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How to evaluate entrepreneurial (life sciences) companies during your job search

Posted by Chad O'Connor  November 7, 2012 11:00 AM

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A number of people, especially graduate and postdoctoral students, have asked me recently,” how do I evaluate entrepreneurial companies during my job search?” They have little to no track record, compared to larger more established companies and many seem to have innovative technology, strong research, and passionate founders. What parameters can be used as a metric for potential success and what differentiates one startup over another?” I have outlined a few considerations below as a starting point to address this complicated question.

Founder(s)
Research the founder(s). Review press releases, LinkedIn, Google Scholar, USPTO and other sources of information to learn about them. Founder(s) of previously successful companies, have a track record, which could be an indicator of future success. Founders who are distinguished and well respected in their given field, even if they have not previously founded a successful company, are definitely worth consideration.

Senior Management
Are the senior members of the management team leaders in their given areas? Do these individuals come from successful companies, institutions, or pedigrees? How well do the skills of the senior management team complement one another and how well do they work as a team? If the answer is clearly well, this is a big positive.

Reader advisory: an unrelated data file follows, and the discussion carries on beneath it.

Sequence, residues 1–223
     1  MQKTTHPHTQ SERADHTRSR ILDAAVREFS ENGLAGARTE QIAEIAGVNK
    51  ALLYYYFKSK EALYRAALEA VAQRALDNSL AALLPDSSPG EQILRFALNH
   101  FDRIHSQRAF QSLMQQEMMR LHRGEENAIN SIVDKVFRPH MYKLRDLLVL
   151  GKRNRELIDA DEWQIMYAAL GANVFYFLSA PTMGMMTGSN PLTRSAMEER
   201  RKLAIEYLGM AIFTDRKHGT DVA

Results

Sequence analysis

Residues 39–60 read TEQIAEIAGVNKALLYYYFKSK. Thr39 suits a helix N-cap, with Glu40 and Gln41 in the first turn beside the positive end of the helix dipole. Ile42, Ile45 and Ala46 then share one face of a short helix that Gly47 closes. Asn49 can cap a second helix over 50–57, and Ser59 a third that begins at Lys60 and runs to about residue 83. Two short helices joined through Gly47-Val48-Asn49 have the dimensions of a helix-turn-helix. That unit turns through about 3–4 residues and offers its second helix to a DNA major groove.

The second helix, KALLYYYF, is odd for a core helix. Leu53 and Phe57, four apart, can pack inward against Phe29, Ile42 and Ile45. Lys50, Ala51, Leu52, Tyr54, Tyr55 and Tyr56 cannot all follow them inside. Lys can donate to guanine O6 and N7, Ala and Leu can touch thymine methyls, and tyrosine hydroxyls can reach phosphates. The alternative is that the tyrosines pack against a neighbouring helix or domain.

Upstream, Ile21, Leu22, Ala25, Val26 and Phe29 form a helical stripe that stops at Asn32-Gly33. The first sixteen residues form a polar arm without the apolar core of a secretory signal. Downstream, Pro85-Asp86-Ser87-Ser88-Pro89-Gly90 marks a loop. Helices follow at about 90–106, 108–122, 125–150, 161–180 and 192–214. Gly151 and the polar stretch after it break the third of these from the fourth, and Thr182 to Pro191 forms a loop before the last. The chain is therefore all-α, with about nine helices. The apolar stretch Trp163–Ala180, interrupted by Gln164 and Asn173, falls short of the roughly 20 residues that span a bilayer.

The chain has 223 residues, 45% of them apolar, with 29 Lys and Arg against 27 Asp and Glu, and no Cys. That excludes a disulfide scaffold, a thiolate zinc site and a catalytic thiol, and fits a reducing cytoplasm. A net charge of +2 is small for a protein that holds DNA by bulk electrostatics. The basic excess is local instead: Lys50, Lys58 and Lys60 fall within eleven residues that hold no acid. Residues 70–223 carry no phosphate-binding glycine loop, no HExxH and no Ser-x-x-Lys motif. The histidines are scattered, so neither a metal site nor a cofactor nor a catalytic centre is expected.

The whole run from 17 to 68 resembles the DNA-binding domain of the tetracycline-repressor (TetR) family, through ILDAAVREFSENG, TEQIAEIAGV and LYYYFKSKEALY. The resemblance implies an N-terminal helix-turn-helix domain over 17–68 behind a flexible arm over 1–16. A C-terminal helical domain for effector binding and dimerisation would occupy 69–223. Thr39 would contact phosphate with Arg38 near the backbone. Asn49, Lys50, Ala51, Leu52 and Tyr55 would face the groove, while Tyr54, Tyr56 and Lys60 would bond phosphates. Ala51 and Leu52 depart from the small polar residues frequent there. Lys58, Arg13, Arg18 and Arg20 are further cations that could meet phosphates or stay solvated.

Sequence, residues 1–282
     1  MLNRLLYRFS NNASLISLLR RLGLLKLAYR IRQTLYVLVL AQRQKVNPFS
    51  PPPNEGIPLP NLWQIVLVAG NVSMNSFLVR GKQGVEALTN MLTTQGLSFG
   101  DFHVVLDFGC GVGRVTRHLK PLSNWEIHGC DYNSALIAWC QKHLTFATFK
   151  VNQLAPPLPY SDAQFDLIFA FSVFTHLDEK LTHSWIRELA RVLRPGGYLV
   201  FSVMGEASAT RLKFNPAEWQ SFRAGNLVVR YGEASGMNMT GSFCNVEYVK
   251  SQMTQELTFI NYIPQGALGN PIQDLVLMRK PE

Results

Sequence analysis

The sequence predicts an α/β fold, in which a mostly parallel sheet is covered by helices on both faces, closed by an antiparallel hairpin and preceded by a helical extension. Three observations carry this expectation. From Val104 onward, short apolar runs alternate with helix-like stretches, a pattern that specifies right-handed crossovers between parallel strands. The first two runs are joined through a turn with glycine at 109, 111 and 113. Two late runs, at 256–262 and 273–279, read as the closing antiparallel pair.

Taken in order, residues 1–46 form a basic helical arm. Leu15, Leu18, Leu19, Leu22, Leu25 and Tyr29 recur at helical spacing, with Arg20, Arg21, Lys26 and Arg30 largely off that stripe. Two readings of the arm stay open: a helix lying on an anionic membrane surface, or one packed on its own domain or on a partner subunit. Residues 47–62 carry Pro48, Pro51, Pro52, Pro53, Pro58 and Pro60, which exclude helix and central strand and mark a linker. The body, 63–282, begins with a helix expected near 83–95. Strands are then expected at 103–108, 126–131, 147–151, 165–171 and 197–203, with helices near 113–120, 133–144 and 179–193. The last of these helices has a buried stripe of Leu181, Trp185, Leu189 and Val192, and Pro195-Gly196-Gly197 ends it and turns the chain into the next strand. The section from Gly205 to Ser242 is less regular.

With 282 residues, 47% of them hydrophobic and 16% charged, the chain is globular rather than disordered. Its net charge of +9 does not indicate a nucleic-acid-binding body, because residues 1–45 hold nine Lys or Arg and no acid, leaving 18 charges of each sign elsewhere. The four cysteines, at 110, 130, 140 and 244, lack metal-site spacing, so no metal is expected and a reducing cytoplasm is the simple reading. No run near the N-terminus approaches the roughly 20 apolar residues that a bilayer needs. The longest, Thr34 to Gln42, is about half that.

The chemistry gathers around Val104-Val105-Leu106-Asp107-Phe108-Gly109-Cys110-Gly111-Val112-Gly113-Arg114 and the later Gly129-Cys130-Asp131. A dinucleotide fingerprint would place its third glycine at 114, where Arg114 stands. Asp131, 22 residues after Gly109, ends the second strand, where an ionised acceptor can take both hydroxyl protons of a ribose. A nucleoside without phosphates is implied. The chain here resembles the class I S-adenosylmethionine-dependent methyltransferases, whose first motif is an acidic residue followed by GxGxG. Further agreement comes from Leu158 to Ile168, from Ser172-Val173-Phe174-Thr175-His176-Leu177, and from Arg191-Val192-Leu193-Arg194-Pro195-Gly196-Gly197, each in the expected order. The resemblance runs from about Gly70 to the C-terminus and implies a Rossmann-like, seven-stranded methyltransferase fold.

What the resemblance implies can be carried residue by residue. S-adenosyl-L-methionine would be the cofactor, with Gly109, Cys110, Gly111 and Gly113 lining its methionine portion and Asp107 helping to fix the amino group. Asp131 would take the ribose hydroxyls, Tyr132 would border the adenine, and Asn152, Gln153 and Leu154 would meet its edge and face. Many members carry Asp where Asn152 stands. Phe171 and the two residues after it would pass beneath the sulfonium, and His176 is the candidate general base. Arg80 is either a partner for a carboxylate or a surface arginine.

Board Members
Are the board members successful distinguished individuals in their respective fields? Board members are especially important for first time entrepreneurs and are very helpful in setting strategy for an organization. If a first time entrepreneur is able to attract experienced talent, this is worth noting.

Scientific / Technical Advisory Board
Who is involved in the SAB? Are they leaders, either academic or industrial, in their respective areas? Founders who can attract a strong SAB are more likely to have a solid scientific foundation.

Strong Science
Is there a solid scientific foundation, and is it backed up by publications in high quality journals? If so, this is worth noting. That said, some technologies are intentionally kept out of the public eye to allow time for development.

Investors
Research the investors. Investment firms come in all shapes and sizes, and are often quite specialized. Make sure that the investors are well suited for the opportunity at hand, and bring the right amount of experience and money to the table to help ensure long-term success. If top tier organizations put their money towards an idea, there’s a reason.

Success is never 100% guaranteed, but you can look for patterns indicative of success. This will help you make a more informed decision regarding the company(s) that you join throughout your career. Entrepreneurial firms can be extremely exciting and full of opportunity. Take advantage of the wealth of knowledge available to choose the right one for you. This will get you on the path to success.

Lauren Celano is CEO of Propel Careers, a Boston based life sciences search and career development firm.

This blog is not written or edited by Boston.com or the Boston Globe.
The author is solely responsible for the content.

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